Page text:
right people or ask where this is going or say, “Hey did you guys know that I
can wrestle and came up through your developmental program?” I did all the
things there that they said I had to do to get moved up and show that I am
qualified. It was a lack of communication on my part with Vince and Hunter and
the right people. It probably would have had a totally different impact instead
of just sitting around and waiting on the writers to come hand me my script and
assuming they had some grand plan for little old me. I can definitely say I
could have been more proactive in those early days. I did love working with
Paul and working with Vince in his office and working on promos in his office.
It was a really cool experience.
Rust Radio: WWE's creative team has been under fire not just from fans
recently, but also former WWE legends. What was your experience like with the
creative team and what are your thoughts of the creative process as a whole in
I mean, I got along with all those guys really well. It’s a matter that they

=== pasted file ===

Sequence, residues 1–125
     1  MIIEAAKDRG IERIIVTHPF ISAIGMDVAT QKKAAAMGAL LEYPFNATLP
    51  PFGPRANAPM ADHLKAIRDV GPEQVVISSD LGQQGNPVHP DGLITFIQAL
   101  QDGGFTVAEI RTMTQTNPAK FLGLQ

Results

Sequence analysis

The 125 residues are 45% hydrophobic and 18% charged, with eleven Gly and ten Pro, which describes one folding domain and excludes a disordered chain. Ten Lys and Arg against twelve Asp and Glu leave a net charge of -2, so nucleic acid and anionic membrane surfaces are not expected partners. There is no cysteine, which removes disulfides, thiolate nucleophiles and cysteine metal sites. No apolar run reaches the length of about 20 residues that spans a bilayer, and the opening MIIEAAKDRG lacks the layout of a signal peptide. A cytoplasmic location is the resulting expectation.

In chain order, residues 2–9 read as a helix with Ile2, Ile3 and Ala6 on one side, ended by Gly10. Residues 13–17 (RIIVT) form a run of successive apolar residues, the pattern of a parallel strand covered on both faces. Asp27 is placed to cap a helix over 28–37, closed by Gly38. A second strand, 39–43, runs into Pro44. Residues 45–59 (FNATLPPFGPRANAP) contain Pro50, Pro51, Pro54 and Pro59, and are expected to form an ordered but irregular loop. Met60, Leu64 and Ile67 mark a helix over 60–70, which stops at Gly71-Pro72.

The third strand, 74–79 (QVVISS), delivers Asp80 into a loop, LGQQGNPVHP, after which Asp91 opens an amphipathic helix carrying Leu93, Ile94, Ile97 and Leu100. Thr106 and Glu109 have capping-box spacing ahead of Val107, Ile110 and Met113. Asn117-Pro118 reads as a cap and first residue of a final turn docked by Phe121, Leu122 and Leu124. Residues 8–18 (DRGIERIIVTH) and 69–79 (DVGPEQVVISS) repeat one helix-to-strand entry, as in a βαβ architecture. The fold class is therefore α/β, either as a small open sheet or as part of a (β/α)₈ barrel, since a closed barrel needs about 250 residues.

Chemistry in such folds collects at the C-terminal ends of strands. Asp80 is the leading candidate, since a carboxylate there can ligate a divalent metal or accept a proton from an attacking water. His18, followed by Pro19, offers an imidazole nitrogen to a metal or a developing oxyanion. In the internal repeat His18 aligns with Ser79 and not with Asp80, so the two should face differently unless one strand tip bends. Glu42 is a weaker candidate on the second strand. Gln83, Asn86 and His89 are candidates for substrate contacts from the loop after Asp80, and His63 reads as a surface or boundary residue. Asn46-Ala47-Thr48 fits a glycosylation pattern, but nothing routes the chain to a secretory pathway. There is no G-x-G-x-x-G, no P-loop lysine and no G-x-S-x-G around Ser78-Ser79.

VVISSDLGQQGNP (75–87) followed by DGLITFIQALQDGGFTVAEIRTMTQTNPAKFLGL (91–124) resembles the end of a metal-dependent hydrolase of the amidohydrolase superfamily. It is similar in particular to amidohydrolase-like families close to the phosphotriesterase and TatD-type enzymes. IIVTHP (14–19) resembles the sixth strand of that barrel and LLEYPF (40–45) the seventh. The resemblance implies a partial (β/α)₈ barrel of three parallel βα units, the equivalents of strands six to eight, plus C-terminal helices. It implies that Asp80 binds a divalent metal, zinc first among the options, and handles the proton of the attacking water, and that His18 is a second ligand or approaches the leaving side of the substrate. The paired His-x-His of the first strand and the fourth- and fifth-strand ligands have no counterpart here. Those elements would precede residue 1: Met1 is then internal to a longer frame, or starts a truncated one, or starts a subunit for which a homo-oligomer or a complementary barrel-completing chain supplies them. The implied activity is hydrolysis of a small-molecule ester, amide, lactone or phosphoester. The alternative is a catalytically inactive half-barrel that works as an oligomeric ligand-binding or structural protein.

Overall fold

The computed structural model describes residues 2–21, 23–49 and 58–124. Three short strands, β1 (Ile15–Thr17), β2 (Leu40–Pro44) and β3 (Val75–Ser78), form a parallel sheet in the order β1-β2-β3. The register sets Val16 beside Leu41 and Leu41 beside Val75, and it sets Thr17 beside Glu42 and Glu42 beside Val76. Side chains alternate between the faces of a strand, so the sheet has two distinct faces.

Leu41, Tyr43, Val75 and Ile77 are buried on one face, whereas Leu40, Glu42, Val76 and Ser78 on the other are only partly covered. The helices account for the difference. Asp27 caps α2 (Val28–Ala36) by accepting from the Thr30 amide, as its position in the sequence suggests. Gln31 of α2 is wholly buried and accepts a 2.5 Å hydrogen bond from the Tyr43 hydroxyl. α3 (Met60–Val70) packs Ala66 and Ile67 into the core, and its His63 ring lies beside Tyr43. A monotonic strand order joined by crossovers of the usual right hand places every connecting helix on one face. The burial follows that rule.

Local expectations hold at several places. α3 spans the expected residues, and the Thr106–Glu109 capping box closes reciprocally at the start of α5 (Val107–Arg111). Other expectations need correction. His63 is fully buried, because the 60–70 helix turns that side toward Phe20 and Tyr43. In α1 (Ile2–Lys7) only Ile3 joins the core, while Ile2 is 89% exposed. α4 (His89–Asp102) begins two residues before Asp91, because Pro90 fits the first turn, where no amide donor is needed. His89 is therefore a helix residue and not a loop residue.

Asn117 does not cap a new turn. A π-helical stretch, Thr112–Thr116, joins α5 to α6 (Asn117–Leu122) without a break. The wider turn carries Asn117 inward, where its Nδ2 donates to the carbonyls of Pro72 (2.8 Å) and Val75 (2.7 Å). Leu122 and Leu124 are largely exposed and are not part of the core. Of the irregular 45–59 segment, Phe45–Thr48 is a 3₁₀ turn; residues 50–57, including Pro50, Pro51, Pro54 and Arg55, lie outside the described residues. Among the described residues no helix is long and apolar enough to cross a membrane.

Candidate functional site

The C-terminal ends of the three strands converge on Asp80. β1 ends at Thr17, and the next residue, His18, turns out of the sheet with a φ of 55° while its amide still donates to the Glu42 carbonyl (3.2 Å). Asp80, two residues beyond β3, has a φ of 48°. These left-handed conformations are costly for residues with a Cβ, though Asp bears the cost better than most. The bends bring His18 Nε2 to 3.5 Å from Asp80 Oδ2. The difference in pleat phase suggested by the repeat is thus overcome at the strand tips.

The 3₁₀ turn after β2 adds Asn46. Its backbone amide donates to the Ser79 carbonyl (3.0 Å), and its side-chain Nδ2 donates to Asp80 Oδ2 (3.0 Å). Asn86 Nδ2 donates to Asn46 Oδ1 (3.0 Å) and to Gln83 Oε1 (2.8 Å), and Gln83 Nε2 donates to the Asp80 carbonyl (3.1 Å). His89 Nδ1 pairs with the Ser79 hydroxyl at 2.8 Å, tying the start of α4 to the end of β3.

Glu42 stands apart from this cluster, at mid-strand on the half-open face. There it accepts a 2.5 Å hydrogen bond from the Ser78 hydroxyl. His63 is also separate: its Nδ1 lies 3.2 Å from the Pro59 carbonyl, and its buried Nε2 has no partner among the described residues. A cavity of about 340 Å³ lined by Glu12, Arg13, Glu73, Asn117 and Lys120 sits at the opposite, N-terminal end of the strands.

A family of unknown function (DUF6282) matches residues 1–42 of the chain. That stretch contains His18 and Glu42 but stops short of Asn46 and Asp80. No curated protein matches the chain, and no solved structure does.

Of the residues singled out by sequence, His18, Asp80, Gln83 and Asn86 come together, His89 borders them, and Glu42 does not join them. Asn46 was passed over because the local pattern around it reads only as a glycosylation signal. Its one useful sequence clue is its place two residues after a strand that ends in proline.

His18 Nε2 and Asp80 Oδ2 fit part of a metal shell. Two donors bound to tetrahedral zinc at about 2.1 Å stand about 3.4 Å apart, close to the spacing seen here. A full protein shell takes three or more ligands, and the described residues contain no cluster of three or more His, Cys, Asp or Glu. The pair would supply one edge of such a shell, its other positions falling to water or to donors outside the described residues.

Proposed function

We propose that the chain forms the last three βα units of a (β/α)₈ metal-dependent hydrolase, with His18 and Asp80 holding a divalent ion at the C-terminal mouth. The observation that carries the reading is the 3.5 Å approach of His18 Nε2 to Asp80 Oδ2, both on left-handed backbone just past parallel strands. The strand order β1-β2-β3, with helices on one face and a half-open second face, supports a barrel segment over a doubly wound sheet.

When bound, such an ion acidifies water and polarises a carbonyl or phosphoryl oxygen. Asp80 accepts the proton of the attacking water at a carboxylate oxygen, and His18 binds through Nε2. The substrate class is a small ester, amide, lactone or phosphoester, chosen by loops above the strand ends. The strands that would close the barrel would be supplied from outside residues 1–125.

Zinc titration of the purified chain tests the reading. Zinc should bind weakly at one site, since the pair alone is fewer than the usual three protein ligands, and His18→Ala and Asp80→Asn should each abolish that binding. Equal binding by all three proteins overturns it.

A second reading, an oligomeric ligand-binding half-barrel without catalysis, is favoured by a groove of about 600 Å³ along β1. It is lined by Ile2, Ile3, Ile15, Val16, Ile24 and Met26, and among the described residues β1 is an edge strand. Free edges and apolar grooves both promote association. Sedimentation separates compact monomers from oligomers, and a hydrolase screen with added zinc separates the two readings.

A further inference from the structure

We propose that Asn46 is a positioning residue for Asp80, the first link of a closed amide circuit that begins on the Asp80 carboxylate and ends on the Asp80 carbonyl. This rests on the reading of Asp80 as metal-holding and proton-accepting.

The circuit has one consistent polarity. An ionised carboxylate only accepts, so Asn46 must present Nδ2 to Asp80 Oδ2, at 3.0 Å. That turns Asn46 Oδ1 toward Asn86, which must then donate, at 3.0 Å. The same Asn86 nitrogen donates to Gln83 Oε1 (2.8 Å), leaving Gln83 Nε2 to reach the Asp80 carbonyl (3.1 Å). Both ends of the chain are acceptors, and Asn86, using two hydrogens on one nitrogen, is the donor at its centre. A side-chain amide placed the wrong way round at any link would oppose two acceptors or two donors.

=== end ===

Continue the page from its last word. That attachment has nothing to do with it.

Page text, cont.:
have a lot of content to get through every week and have a lot story and a
roster full of guys to write for. Obviously, I was in a pretty good spot, but I
wasn’t one of the most important guys. They are focused on the main angles that
are going to make money for the show and then of course everything has to be
run through Vince, so there is a limited amount of time there. You can’t rely
on someone else to handle your career for you. You have to go knock on Vince’s
door and say “this is what I want to do” or “what do you think about this.”
That’s where I should have taken care of business for myself. I am no John Cena
and not making a ton of money for the company, so I am not going to be a
Rust Radio: While everyone watched The Undertaker on The Tonight Show, starring
Jimmy Fallon last month, it was your role as the turkey that really stole the
show. How did you get the honor of working with Undertaker on national TV?
I knew the Undertaker was there, but I was a turkey on Thanksgiving, I felt
that there is no higher honor. It was like, “Let’s book this turkey and see if
we can get anyone to work with him.” It was fun, and I might have been
the only guy left in the states at that time since everyone was working the
European tour. I don’t know why I was picked for it, but I had fun with it. I
assumed at the time that it was going to be a full turkey mask. When I got